WASHINGTON — When the Supreme Court suspended a prominent Massachusetts lawyer and threatened him with disbarment, it started a Boston legal drama that took two weeks to resolve.

It ended on Tuesday, when the court acknowledged it had the wrong guy in an order attributing its earlier action to “mistaken identity.”

The wrong guy, it turned out, was Christopher Patrick Sullivan, a partner with the Robins Kaplan firm in Boston and the incoming president of the Massachusetts Bar Association.

The mix-up arose from a disciplinary notice the court received from a New York State court concerning a Christopher P. Sullivan, Supreme Court spokeswoman Kathy Arberg said. This Sullivan is in prison in Vermont, following his conviction for drunken driving that resulted in the death of a 71-year-old woman in 2013.

Sullivan’s middle name also is Paul, not Patrick, and he has never been a member of the Supreme Court bar. But, like the other Sullivan, he apparently went to law school at Fordham in New York and the record the Supreme Court received contained only a middle initial, Arberg said.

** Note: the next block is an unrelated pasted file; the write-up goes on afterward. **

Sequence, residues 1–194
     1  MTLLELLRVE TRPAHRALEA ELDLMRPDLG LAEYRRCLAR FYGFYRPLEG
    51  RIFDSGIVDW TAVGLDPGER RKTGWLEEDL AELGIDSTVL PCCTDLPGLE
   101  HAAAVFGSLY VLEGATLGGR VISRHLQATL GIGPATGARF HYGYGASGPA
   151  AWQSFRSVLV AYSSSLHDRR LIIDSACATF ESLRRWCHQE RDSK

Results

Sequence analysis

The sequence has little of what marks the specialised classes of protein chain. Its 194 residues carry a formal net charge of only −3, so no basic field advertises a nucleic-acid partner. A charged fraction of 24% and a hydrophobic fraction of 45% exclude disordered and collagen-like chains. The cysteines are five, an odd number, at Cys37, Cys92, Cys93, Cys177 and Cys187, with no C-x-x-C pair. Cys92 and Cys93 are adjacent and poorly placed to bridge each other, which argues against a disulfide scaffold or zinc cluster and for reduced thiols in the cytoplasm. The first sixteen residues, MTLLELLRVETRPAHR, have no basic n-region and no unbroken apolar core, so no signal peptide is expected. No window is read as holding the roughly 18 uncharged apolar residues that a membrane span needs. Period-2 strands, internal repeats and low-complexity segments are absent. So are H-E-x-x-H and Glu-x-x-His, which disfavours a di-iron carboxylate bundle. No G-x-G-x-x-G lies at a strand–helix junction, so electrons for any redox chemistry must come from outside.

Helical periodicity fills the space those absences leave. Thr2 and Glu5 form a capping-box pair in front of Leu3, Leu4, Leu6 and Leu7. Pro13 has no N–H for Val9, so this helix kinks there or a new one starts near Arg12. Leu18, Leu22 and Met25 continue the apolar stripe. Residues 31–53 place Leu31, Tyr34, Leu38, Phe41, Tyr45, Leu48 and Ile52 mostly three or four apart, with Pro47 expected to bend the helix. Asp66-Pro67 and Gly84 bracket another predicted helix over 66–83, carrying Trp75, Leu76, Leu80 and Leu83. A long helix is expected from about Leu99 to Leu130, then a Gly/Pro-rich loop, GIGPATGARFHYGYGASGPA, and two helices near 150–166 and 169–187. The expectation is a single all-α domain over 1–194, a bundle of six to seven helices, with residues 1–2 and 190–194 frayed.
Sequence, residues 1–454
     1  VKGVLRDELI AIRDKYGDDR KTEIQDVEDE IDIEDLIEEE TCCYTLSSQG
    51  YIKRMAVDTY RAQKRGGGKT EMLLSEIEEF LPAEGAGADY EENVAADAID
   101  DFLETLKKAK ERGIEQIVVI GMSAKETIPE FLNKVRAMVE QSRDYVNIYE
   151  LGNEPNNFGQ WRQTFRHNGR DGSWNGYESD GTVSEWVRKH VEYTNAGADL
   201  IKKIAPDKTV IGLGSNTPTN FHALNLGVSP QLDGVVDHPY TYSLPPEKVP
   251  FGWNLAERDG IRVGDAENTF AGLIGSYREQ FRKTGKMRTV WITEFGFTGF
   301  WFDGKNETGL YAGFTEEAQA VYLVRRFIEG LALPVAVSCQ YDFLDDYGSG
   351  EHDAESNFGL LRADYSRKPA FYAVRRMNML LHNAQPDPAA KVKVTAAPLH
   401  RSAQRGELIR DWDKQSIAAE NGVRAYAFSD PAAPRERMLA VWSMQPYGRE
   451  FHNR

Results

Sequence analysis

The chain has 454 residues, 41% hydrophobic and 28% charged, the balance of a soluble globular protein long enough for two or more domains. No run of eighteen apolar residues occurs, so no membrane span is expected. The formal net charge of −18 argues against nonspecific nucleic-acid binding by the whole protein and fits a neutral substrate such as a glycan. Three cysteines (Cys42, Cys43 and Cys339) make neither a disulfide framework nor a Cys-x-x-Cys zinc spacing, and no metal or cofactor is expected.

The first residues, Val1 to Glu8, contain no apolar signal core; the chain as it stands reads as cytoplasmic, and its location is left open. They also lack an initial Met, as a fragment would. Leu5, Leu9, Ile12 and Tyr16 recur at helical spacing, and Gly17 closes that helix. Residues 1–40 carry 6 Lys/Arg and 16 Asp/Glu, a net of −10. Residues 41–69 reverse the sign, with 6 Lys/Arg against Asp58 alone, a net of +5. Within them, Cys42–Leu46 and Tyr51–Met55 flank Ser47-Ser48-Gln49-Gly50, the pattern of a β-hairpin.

In a surprisingly sloppy piece of work for a court that sometimes debates the placement of a comma, the court clerk’s office determined that the New York notice was talking about the same Sullivan who belongs to the high court bar. The order the court issued on May 15 said that Christopher Patrick Sullivan of Boston “is suspended from the practice of law in this Court.”


When the order came out, Sullivan’s law firm knew a mistake had been made, said Anthony A. Froio, the managing partner in the firm’s Boston office. His partner had practiced law for more than 40 years and was involved in a trial in Baltimore.

“We called the court and they couldn’t have been more swift in verifying they had the wrong Christopher P. Sullivan,” Froio said.

The court receives discipline notices from courts around the country and compares those lists to the roster of lawyers who can practice in front of the justices. When there’s a match, the court initiates its own disbarment proceeding, which begins with a suspension and an order to explain why the lawyer should not be kicked out of the Supreme Court bar.

Arberg said Sullivan’s was not the first case of mistaken identity, though she could provide no details.

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